and a woman would come to him unbidden for protection.
（Federal States, vol.
i. pp. 236-237 ) Mrs. Janet Chase Hoyt, daughter of Chief-Justice Chase, incorporates the above description into one of her own, adding further details of Sumner's manner in the society of friends. New York Tribune, April 5, 1891.
Edward Everett, in a eulogy, likened the fidelity of John Quincy Adams to his seat in the House of Representatives, to that of a marble column of the Capitol to its pedestal;
Senator Casserly referred, March 31, 1871, to Sumner as the senator whom I do not see in his seat, which is very unusual, by the way. and the same tribute is Sumner's due. No private errand and no listlessness kept him from his public duty; and he attended with severe punctuality the sessions of his committee and of the Senate.
When the Internal Tax bill, which had consumed many days of discussion, was pending (nearly six months after the session began), he remarked that he had not been absent from his
s later (Globe, pp. 733, 734) he referred to Sumner's chronic difficult about adjournments.
Similar pressure from Sumner, with similar resistance from other senators who recalled his uniform position on the suspension of business, will be found in the record of later sessions (June 25, 1864, Globe, p. 3263; July 2, 1864, Works, vol.
IX. pp. 55-63; July 26, 1866, Globe, pp. 4166, 4167; Dec. 14, 1868, Globe, p. 68; Dec. 15, 1869; May 5, 6, and 20, 1870, Globe, pp. 137, 3239, 3274, 3277, 3658; Feb 15, 1871, Globe, p. 1262). Thurman's tribute, April 27, 1874 (Globe, p. 3400), referred to Sumner's high estimate of the effect of full discussion. His persistence in opposing a limitation of the session, even under the oppressive heat of the summer, brought him sometimes into collision with senators who, though not laggards, took a less exacting view of official duty, or who thought, sometimes quite rightly, that enough had already been done, and what remained would ripen for better action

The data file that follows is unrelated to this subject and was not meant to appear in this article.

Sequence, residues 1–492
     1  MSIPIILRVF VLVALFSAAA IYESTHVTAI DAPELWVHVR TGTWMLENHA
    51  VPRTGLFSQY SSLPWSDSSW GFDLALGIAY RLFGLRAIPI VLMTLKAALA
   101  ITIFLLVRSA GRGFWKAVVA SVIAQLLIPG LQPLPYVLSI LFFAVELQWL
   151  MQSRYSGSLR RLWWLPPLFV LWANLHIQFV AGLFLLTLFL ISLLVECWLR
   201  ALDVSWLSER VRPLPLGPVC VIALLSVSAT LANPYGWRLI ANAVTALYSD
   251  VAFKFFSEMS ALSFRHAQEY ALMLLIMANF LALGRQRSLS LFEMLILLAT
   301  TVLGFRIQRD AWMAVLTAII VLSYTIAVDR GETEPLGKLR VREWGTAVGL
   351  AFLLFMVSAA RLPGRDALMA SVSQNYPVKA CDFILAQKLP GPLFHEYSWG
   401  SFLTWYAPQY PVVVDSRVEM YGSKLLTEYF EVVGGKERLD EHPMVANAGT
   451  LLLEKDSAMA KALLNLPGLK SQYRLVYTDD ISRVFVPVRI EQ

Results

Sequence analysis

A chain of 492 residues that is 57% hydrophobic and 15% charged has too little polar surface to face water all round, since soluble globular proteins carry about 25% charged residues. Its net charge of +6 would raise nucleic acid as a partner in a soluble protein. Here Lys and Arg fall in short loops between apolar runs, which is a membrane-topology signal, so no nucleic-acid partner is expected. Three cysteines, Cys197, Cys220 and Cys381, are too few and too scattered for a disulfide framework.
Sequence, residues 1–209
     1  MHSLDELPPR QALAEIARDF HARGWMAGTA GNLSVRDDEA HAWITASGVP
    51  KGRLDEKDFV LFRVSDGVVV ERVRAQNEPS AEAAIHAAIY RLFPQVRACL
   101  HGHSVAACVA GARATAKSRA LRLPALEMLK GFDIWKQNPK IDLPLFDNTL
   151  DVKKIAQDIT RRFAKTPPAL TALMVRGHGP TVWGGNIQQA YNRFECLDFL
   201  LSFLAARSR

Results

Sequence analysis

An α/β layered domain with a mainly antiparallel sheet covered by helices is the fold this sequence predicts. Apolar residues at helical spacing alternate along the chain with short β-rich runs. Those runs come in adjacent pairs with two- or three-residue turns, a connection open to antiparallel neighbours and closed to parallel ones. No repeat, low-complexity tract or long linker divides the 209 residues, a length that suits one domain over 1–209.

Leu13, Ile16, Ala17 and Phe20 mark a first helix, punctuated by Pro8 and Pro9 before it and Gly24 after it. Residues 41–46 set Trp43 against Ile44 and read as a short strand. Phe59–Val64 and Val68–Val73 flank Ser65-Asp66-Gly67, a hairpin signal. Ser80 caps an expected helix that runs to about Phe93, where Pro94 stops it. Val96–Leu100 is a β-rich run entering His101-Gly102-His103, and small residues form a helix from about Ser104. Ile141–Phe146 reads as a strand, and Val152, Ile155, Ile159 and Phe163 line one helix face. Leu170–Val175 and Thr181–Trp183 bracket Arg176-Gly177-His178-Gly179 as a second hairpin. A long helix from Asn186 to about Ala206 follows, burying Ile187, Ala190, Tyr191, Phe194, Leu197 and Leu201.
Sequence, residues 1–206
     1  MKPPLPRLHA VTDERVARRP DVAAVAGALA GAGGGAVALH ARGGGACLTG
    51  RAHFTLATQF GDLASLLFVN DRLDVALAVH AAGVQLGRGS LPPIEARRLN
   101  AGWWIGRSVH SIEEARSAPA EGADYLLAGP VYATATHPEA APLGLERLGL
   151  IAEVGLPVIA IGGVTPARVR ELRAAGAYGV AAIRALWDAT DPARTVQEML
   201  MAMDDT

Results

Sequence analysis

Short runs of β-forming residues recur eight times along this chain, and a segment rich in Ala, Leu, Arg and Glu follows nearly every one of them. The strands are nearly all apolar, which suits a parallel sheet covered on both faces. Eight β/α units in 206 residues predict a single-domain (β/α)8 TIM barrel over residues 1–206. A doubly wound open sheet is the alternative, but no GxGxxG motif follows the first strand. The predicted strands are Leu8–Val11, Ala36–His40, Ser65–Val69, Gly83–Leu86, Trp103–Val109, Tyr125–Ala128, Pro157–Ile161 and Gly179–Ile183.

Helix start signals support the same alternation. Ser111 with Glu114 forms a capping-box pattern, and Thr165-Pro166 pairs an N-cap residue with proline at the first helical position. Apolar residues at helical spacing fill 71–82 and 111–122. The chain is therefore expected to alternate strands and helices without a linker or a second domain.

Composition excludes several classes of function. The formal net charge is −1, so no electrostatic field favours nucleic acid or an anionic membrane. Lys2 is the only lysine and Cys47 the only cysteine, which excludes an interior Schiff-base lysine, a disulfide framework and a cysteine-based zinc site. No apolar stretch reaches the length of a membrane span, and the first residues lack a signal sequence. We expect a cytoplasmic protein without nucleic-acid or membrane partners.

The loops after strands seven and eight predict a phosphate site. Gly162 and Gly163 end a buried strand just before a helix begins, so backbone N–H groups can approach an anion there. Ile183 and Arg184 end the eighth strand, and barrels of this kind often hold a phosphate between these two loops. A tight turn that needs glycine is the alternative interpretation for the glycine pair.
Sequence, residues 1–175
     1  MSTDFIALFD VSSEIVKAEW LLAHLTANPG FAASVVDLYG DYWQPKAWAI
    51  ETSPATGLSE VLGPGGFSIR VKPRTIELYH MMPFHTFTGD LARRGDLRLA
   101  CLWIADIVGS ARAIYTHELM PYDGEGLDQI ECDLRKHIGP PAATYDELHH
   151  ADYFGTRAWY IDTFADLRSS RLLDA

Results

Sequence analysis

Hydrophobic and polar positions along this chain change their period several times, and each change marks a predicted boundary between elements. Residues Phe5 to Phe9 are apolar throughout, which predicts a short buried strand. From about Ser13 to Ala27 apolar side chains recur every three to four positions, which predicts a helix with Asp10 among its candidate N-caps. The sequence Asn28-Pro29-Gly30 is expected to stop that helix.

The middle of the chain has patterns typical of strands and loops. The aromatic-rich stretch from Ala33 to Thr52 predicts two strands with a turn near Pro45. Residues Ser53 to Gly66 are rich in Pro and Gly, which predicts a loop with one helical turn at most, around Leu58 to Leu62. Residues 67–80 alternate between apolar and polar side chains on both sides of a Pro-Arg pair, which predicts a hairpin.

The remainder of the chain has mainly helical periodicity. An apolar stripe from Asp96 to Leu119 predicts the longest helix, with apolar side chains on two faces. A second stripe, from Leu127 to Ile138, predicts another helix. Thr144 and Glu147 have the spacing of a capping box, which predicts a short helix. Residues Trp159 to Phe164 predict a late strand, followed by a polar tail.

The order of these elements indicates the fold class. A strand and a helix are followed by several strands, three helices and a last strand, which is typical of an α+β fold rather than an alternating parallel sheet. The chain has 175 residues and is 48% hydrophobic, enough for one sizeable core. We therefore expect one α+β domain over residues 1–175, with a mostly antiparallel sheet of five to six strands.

be, p. 3263). March 31 and April 7 and 8, 1869 (Globe, pp. 384, 607, 609). Sumner's superlative fidelity may be thought finical, but it attests the seriousness with which he regarded all public duties.
Sumner's presence in the Senate was always one of dignity, such as became the office and place.
He never descended to frivolity; he did not, as is the habit of restless members, keep passing from seat to seat, indulging in small talk with one or another, but remained mostly in his own;
Douglas's swagger up and down the aisles is still remembered.
Wilson was never so unhappy as when obliged to stay in his seat.
Sumner's uniform observance of rules and courtesies in the Senate was referred to in tributes in Congress, April 27, 1874, by Pratt of Indiana in the Senate (Congressional Globe, p. 3403), and by E. R. Hoar in the House (Globe, p. 3410). He was accustomed to make protests against scandalous conduct in the Senate,—as Abbott's threat of a duel with a senator, and the drunke